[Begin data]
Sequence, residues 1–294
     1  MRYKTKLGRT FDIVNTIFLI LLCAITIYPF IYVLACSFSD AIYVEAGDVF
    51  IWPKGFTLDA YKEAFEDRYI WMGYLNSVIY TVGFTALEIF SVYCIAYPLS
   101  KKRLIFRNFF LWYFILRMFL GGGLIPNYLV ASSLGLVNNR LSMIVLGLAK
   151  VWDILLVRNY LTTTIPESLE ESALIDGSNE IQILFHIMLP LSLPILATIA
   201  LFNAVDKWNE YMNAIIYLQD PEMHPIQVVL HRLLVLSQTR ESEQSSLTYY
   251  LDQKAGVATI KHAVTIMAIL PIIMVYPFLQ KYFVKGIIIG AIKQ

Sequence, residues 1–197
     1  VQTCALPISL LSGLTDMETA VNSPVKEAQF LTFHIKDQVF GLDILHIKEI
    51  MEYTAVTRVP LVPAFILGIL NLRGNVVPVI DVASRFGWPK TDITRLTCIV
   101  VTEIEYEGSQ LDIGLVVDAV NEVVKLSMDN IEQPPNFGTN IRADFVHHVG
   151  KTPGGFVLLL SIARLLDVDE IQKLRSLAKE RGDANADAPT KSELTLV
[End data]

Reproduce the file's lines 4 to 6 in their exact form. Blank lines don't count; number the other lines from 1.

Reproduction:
   101  KKRLIFRNFF LWYFILRMFL GGGLIPNYLV ASSLGLVNNR LSMIVLGLAK
   151  VWDILLVRNY LTTTIPESLE ESALIDGSNE IQILFHIMLP LSLPILATIA
   201  LFNAVDKWNE YMNAIIYLQD PEMHPIQVVL HRLLVLSQTR ESEQSSLTYY